Fortunately I am a big believer in self-awareness and self-discipline. But relationships have been a great learning tool. Suffice it to say that had I not been so intensely interested in analyzing relationships, I probably would not have discovered half of what I know about money and power. Other people are the ideal mirror in which you can see the effect of money and power upon yourself, the other person, and the relationship itself. This applies to work relationships, friendships, and, yes, sex and romance. It can have negative consequences, for example losing faith in oneself and the world and always questioning why a person is in a relationship with you. The age-old question of “is it me or my money” has yet to find an empirical solution, but ultimately there is no answer. Since wealth and power are largely alienable, you can always test this by discarding them, but it seems better to merely accept the wealth and power as a part of yourself instead of a part of your insecurity.

It is perhaps ironic that I use relationships to define the limits of my money and power. By the tenor of my relationships I know when it is time to shed money and power or, for that matter, to make more. Even the balance between money and power, another topic worthy of discussion, can be achieved by analyzing my relationships. Is that an odd barometer? Maybe, But since the major negative effect of too much money and power is to change ones relationship with society, relationships probably are the only appropriate measuring device to use. Similarly, I use money and power as one (of many) measures of a relationship. Does a relationship change my perception of money and power, or alter their balance? Do I feel more compelled to trade money for power or vice versa? These are also indirect indicators of certain relationship factors, as well as the evolution of a relationship in the eyes of society. Such factors are not always positive or negative, but always fascinating to see. Money and power are rarely discussed, but always felt. As such any indirect meter is an interesting topic of study.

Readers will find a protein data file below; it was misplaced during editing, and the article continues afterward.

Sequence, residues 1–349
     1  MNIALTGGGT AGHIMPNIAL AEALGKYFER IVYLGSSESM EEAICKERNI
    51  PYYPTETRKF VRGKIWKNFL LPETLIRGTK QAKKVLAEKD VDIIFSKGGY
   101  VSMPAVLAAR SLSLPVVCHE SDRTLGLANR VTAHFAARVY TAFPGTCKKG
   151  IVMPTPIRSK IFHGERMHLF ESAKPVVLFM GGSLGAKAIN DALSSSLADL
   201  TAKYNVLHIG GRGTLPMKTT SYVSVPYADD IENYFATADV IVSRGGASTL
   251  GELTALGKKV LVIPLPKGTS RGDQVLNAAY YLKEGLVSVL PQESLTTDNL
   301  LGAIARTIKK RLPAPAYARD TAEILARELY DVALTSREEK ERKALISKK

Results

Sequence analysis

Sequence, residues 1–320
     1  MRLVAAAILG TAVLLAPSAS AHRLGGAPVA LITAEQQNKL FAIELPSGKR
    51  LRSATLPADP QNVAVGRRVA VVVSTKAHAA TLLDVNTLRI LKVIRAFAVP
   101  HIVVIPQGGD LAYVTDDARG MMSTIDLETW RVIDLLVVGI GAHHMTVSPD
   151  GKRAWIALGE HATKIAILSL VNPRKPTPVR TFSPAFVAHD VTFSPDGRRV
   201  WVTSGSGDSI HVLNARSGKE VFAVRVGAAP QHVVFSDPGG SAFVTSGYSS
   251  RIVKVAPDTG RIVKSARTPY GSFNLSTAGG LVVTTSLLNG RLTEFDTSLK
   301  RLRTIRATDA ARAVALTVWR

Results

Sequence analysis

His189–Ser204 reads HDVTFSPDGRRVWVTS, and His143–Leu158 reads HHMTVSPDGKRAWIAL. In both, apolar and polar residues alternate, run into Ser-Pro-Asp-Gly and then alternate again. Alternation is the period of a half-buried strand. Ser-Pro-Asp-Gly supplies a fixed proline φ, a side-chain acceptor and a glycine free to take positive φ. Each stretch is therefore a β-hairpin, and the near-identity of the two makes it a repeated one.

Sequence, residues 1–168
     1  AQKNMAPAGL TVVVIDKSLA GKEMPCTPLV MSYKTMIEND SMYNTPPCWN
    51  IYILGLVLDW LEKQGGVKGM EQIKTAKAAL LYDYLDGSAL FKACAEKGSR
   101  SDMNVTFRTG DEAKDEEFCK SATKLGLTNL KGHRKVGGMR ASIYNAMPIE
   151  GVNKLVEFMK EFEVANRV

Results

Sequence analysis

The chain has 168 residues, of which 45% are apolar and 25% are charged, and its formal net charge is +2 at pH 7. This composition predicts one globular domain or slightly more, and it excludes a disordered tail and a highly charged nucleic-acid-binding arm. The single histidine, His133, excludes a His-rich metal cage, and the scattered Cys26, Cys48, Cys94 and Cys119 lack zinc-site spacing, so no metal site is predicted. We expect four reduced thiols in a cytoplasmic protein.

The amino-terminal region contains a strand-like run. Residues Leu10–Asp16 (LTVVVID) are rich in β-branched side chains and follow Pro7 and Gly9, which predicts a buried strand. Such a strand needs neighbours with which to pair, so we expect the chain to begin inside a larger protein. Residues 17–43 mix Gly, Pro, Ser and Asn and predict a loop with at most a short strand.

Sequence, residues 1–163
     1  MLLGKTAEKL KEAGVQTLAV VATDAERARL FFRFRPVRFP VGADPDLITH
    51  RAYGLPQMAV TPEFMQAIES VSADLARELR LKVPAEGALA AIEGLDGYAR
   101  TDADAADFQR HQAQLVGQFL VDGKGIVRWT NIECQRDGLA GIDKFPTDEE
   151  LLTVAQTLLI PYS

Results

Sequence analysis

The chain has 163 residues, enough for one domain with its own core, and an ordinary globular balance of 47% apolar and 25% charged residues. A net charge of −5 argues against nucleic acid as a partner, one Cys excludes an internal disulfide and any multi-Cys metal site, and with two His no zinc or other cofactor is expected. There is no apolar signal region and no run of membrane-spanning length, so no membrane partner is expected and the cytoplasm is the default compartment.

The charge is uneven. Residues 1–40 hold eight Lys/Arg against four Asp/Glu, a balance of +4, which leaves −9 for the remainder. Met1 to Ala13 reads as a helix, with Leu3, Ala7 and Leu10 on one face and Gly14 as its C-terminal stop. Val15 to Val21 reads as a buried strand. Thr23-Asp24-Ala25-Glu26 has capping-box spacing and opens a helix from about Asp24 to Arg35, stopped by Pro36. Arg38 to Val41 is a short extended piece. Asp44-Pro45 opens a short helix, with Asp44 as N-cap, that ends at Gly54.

Blogger Clandestine Call Girl said...

I tend to agree. It infuriates me when people try to be so incredibly PC and say that "Everyone is the same, just a different color, race, gender." It does not mean that different races or genders are better than others, just different. To deny that is foolish, to admit it is uncomfortable. But, it's the truth.

I believe in gender roles when it comes to marriage and family. To me, the best scenario is, after kids, the man is the provider and the woman takes care of the children and the household. Everyone's job is defined, there is no confusion over who should be doing what and everyone's natural tendencies are satisfied.

During these times, I also believe a woman should be educated before she marries and it wouldn't hurt if she works before kids or even after they are in school. She should have computer skills at the very least. If she has some money socked away, just in case, that's not a bad idea. Basically, if something should happen to her husband or her marriage, she needs to be able to care for herself and her family.


8/01/2006 11:20 AM